President Bill Clinton, in the famous Camp David negotiations, wanted the Palestinians to accept 91 percent of the 22 percent of Palestine, while sovereignty over the “holy sanctuary” would be shared between Israelis and Palestinians, with the Israelis having control over the land and what is underneath it (which Palestinians consider a threat to the very foundations of Al-Aqsa). Camp David fell and Clinton — typical of him — blamed the Palestinians after having promised Yasser Arafat that he would not blame the Palestinians if the talks did not bear fruits.
What will emerge out of the “Deal of the Century” is even less than what the Palestinians have been offered before — and which they rejected. The Palestinians will probably be promised Gaza and Area A (under the Oslo agreement, which basically covers areas that the Palestinians — only in theory—control), and East Jerusalem will be part of a united capital for Israel while the Palestinians will be allowed to name areas outside of Jerusalem as their own “East Jerusalem.”
The Israelis will continue, of course, to maintain control of air, land and sea over all Palestinian areas, and the Israeli occupation army will continue to decide who can enter and who can exit Palestinian areas. And Israeli settlements will be untouched by any of the terms of the “deal.”
Sovereignty over those small Palestinian areas won’t be considered as the U.S. and Israel both have recently reneged on previous promises of statehood. Instead, the plan will revert to what Israel’s Menachem Begin called “autonomy” (under the Camp David negotiations), according to which the Palestinians will exercise limited municipal management of their areas (trash collection, postal service, sewage, etc).
But it is quite clear that the Palestinians who had rejected such plans in a previous century won’t agree to them now, especially that the octogenarian Mahmoud Abbas (who is already despised and detested by his people for his corruption and fealty to the occupation) won’t dare agree to what Arafat before him had rejected.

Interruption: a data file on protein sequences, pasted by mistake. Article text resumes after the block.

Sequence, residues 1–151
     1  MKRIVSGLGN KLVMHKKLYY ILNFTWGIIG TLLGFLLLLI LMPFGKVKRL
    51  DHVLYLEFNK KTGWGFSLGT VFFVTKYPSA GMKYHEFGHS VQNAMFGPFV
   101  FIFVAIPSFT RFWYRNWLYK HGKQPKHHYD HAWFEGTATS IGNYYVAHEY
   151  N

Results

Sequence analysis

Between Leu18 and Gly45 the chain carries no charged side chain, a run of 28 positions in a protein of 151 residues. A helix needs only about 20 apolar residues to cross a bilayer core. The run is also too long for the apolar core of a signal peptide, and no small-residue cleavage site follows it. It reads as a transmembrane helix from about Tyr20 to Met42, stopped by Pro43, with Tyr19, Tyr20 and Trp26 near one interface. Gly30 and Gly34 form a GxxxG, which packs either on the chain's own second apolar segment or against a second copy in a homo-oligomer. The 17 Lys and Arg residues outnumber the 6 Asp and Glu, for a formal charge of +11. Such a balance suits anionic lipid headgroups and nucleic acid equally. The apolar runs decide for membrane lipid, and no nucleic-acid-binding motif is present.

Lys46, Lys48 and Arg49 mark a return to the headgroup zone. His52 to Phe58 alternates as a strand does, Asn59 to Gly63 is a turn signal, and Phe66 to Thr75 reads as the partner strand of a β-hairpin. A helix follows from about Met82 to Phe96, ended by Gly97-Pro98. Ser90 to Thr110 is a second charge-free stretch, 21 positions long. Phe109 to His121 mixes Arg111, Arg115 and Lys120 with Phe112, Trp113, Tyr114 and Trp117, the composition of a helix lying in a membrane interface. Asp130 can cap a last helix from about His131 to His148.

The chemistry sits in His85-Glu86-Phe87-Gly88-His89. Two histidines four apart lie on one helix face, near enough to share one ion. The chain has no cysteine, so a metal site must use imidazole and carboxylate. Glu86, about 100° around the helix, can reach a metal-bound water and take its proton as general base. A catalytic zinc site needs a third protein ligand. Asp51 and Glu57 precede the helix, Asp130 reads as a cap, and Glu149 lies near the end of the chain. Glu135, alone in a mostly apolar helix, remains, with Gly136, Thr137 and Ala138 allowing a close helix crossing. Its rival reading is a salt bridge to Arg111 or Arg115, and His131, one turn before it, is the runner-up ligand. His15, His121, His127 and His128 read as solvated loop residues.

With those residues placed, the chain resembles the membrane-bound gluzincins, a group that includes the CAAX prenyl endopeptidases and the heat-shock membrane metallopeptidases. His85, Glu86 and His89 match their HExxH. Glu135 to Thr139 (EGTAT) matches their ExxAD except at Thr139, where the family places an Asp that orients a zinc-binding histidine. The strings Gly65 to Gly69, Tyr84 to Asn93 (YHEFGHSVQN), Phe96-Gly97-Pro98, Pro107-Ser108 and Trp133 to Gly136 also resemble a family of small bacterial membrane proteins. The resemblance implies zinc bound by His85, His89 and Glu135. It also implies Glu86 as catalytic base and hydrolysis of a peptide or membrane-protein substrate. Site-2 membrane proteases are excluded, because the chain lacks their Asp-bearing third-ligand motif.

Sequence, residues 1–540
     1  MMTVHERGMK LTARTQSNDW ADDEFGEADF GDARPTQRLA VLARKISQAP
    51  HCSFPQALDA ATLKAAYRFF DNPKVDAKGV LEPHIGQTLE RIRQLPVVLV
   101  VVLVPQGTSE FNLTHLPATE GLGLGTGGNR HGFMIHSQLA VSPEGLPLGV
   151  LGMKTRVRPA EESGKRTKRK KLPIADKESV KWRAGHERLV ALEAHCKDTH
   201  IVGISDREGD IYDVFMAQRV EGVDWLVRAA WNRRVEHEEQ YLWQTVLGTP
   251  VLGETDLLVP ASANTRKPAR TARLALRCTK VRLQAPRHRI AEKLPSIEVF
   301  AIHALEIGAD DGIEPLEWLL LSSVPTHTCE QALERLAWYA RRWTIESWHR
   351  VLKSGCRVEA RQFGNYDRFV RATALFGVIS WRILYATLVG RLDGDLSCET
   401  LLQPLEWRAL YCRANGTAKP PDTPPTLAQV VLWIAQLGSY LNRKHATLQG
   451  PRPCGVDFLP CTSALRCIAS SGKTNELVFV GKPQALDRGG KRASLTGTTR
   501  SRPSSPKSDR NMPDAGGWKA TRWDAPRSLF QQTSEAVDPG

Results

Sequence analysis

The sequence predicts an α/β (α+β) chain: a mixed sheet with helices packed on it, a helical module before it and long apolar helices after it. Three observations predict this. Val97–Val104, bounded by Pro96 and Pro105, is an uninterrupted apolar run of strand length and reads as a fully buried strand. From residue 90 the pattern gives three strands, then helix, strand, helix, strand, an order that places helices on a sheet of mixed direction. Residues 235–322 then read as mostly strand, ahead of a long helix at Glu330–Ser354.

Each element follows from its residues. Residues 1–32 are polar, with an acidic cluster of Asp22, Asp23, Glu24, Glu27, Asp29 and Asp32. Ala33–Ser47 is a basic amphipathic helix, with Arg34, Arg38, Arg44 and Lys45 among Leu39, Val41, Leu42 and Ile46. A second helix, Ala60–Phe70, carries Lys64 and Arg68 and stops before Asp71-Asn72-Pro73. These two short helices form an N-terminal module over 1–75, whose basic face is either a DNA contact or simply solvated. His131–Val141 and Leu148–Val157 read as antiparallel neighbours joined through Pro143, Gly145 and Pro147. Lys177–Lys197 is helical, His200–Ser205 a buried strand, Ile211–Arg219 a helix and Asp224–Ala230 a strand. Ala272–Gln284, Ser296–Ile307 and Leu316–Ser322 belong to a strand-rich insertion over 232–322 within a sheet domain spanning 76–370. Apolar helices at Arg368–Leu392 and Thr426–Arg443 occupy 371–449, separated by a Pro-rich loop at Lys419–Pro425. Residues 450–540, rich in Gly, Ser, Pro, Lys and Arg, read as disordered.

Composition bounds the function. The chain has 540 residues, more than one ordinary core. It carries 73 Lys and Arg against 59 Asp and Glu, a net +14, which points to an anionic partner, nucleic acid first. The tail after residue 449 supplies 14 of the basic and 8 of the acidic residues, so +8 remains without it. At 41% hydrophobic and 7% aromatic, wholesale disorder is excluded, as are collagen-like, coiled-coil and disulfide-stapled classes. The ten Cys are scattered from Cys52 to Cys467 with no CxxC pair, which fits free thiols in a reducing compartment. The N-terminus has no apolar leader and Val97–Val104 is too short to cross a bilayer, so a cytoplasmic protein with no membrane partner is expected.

But Trump and his team assume that an infusion of foreign aid and new business in Palestinian areas would serve as a compensation to the Palestinians for the loss of their homeland. But that assumption is based on a false premise: that people live by bread alone.
As’ad AbuKhalil is a Lebanese-American professor of political science at California State University, Stanislaus. He is the author of the “Historical Dictionary of Lebanon” (1998), “Bin Laden, Islam and America’s New War on Terrorism (2002), and “The Battle for Saudi Arabia” (2004). He tweets as@asadabukhalil
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THE ANGRY ARAB: How Arabs Watch Israeli Elections
The view is no different from how South African blacks regarded elections of whites in apartheid South Africa, writes As’ad AbuKhalil.
Israeli elections are treated by U.S. media as an American affair. It was only after I came to the U.S. in 1983 that I realized the extent to which the American political establishment invests in Israeli elections. And with every election, the U.S. media and dominant political class pretend that if only this side wins (or that side), peace will be at hand and that a historic compromise would be achieved if only the Palestinians show some pragmatism.
U.S. administrations stay neutral toward Israeli candidates (they love them all equally) although some U.S. presidents favored some over others (Clinton favored the Labor Party and Obama favored anyone other than Benjamin Netanyahu — not that he treated Netanyahu’s government with anything but the fawning and generous treatment that Israeli leaders are accustomed to receiving from U.S. presidents).
U.S. media purposefully cover Israeli elections to excess, partly to contribute to the myth that Israel is the only democracy in the Middle East region (Cyprus is possibly the one country which deserves that label). Lebanon has been holding elections long before Israel was (forcibly) created but its elections are scantily covered by U.S. media.
In excessively covering Israeli elections, U.S. and Western media act out of racist preferences: Israel leaders have been exclusively European immigrants (or descendants of European immigrants) and the denigration and political marginalization of Sephardic Jews don’t detract from the image of the “only democracy.” That’s not to mention the mistreatment of the Arab population, both inside the 1948 boundaries of the occupation state, as well as those who are in West Bank, Gaza or outside Palestine.